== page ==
Some would call this Belk ugly, but designs like this really had an outlandish mystique to them. This is my favorite store outside by far, and the inside looked spectacular in the late 80's remodel. All photos of that remodel can be found on LiveMalls.
Belk and Entrance A.
The redevelopment of Eastland, in my opinion, will be very tough. Eastland had so much working against it at the end. I think what works against it the most is the lack of a hinterland. The mall used to have that, but that was largely lost due to the US 74/Independence freeway project, which killed off much of the nearby retail. Malls need stores like Best Buy nearby. With that, keeping the mall as a mall likely would only work as what Boxer has planned, because in reality I do not see this site as retail anymore: especially not as a mall. As much as I hate to say it, I think it would probably be best to just demolish most of the mall and convert what is left to offices and condos. While a "downtown" type project would be nice, I do not think the neighborhood is quite ready to support it. In fact, this would have probably been a good place for Charlotte/Mecklenburg offices, but because they chose Freedom Mall for that first, this negates that option. Honestly, I would love to hear what others would think would work best on this site putting their wishes aside that it could be a mall forever. I know the feeling, because I never want to see a mall die.
A view from the ice rink level. Cutlery World is in the background. Photo by Pat Richardson from 1989.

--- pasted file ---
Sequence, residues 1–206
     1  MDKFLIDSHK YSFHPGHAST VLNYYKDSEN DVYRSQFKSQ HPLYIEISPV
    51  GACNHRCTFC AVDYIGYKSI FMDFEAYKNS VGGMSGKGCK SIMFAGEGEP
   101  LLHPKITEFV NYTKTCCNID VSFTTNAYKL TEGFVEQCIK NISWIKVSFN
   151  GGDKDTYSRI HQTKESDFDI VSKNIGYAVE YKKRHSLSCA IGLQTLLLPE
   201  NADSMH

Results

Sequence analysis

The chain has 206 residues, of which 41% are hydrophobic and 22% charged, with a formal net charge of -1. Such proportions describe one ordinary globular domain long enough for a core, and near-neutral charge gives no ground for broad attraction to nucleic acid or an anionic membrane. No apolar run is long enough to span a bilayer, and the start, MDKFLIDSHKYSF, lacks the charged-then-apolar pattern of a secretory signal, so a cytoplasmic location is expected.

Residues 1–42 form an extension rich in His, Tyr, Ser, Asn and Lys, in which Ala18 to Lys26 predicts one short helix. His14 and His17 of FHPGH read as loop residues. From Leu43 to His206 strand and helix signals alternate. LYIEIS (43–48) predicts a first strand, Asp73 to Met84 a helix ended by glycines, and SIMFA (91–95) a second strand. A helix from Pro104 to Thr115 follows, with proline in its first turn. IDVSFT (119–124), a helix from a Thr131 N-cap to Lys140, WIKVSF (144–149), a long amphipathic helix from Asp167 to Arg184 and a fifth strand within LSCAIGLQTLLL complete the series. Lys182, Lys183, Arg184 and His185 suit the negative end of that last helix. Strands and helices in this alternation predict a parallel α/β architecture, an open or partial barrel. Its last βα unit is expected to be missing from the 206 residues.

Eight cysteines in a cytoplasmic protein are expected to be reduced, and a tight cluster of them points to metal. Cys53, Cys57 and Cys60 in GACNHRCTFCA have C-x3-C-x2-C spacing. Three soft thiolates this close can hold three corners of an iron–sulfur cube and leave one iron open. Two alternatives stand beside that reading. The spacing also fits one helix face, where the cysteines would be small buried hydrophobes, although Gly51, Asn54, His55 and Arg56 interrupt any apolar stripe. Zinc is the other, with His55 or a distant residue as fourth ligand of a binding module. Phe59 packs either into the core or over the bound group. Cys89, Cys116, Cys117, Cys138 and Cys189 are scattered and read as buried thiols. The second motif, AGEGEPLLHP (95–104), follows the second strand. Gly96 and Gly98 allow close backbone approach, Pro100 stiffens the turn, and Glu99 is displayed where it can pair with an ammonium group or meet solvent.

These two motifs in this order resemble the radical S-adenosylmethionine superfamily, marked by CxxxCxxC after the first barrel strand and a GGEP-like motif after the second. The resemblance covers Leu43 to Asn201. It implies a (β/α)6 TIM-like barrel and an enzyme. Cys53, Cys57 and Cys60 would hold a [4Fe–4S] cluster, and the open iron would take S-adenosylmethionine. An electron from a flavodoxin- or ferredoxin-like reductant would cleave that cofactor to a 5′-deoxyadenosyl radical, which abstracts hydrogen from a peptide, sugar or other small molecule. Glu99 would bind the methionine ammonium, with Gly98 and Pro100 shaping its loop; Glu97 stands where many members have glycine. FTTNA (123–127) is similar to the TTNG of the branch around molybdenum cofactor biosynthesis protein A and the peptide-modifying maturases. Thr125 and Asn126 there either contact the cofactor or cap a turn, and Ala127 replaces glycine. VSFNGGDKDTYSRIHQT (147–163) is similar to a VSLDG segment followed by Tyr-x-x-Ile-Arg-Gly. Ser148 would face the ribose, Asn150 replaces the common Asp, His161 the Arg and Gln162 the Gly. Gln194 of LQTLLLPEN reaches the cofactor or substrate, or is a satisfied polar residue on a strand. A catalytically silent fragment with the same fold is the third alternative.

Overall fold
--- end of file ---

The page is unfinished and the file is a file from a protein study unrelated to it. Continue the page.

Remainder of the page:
Another store at side of ice rink area/center court. Photo by Pat Richardson from 1989.
Another view inside the Radio Shack from the previous post. Photo by Pat Richardson from 1989.
Outside Lerner Shops. This is very old school looking. The Lerner I remember had a more elegant logo but in the same blue neon. Photo by Pat Richardson from 1989.
Eastland was a big mall that captured the love of the populace, so included here are more photos from its past along with more of my own parting photos. This post captures more historic images of the mall from its first 15 years. I am glad most of you liked my first post, and I have more to come with Charlotte. Much more can be found on Eastland Mall at LiveMalls
Pat Richardson provided these architectural drawings showing how the 1989 renovation would look when completed.
Renovation work here underway. What did this look like before? Photo by Pat Richardson from 1989.
One of the upper level entrance courts with work underway. I think I liked the original mall better. Photo by Pat Richardson from 1989.
A corner shop with barren floors. Photo by Pat Richardson from 1989.
Random location. Photo by Pat Richardson from 1989.
Florsheim Shoes and part of chandelier at center court. They were once a standard in nearly every mall back then. Photo by Pat Richardson from 1989.
Upper floor view. Photo by Pat Richardson from 1989.
Waldenbooks and JCPenney mall entrance in the background. The original fountains were already gone. Too bad they weren't allowed to remain unlike those at Century Plaza. Photo by Pat Richardson from 1989.
This is a scan from Pat Richardson from 1973 showing how the then-proposed mall would look.
Pat Richardson also sent this photo he took in 1979 or 1980 showing JCPenney with Ivey's on the left.